By Deena Winter | Nebraska Watchdog
LINCOLN – A bill that would ban cops from using drones got a warm welcome Thursday from a legislative committee in Nebraska.
Nebraska is among 11 states considering limiting the use of unmanned aerial vehicles, or drones, as they move from battlefields to backyards.
In Nebraska, Sen. Paul Schumacher, a former county attorney, introduced a bill that would prohibit law enforcement from using drones. As America’s wars in the Middle East wind down, he’s concerned “Madison Avenue firms” will be lobbying police departments to buy the drones.
And while Schumacher’s bill flat out bans the use of drones by law enforcement, he’s open to making exceptions for things such as search-and-rescue missions and other uses that don’t infringe on people’s privacy.
“The government does not need to have its nose in everybody’s backyard or above everybody’s farm,” he told the Judiciary Committee on Thursday.
The bill got enthusiastic support from a key ally, Omaha Sen. Ernie Chambers — whose been known to make or break a bill in the Legislature in his 38-year history as a senator.
“Bless you my son,” he said to Schumacher after he explained his bill. “I’m opposed to mechanical so-called justice.”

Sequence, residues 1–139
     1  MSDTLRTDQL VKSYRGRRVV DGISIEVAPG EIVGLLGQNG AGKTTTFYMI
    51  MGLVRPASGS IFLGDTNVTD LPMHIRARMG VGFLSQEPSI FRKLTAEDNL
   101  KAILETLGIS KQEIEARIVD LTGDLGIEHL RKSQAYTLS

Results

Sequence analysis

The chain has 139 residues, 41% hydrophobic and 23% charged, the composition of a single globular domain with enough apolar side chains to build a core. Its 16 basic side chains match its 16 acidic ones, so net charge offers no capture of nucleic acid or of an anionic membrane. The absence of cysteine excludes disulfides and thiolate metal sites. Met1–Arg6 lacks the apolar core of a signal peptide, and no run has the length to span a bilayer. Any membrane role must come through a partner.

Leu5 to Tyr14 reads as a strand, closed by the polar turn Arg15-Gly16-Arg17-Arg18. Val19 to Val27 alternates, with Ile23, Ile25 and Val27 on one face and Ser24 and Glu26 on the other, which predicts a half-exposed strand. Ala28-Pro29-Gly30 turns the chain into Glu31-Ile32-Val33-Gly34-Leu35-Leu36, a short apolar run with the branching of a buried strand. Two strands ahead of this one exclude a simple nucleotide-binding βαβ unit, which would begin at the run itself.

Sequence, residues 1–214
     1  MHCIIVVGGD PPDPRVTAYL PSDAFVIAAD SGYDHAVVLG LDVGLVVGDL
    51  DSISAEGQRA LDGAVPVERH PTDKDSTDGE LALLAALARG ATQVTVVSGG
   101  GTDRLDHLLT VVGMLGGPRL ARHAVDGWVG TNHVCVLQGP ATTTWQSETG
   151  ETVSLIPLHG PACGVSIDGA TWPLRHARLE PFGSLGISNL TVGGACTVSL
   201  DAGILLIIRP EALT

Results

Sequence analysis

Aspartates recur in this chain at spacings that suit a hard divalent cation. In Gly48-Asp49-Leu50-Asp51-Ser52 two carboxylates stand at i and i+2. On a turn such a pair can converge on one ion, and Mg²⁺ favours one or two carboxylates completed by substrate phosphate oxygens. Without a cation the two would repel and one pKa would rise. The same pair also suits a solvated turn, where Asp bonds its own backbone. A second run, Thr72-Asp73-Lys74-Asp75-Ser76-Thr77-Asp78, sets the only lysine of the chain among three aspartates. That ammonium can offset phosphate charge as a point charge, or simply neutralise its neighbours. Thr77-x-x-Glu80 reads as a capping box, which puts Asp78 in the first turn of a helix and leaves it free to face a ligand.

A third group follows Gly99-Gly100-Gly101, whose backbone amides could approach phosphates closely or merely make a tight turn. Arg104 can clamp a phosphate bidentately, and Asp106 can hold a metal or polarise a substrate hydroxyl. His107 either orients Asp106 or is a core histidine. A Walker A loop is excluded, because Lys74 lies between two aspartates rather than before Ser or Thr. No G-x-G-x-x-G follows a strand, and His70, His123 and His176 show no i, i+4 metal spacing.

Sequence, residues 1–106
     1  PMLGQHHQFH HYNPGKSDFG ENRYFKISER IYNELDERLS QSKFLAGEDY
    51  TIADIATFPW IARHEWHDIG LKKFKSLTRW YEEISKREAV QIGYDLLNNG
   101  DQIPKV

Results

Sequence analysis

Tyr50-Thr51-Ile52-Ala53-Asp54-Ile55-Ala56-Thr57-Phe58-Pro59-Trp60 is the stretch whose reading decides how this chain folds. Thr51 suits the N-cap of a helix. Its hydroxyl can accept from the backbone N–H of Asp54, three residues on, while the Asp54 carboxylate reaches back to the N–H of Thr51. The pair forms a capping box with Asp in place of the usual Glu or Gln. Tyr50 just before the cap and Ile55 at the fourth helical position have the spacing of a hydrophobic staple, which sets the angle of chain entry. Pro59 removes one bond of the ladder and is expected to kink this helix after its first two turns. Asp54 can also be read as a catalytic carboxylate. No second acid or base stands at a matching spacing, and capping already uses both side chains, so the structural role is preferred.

Chambers — no fan of law enforcement — talked about how drones could hover near windows and spy on cars without probable cause.
“They want to be able to intrude on the personal lives of everyone,” he said of police.
Chambers then went on a diatribe about how police terrorize people and abuse their power in his north Omaha neighborhood.
“If it sounds like I don’t trust the police, I don’t, and they know it. You don’t see the side of police we see,” he said. “They’re not our friends, they don’t protect and serve. They are our enemies based on the way they treat us.”
He said he’d like to see a penalty added to the bill — such as loss of certification as a law enforcement officer — for violations.
“It’s not enough to tell them, ‘Don’t do it,’” Chambers said.
Amy Miller, legal director for ACLU Nebraska, noted drones have already been used by the EPA to monitor cattle feed lots in Nebraska, and tiny robotic Dragonfly drones can be purchased for $119. They can be operated by an iPad or smart phone and weigh as much as a AA battery, she said.
“Technology has pushed us to a new frontier,” she said. “But private protections haven’t kept up.”
Although private citizens can also buy drones, Miller said the bigger concern is the “damage the government could do” with them.
Miller noted that opposition to police using drones is a nonpartisan issue, with the conservative Rutherford Institute opposing their use.
Some senators were surprised to learn about drones — such as Omaha Sen. Steve Lathrop, who went online and found he could have bought a drone in the time it took for the committee to hear testimony on the bill.
“If we don’t do this and this cat gets out of the bag, he’s awful hard to catch and get back in,” Schumacher said.
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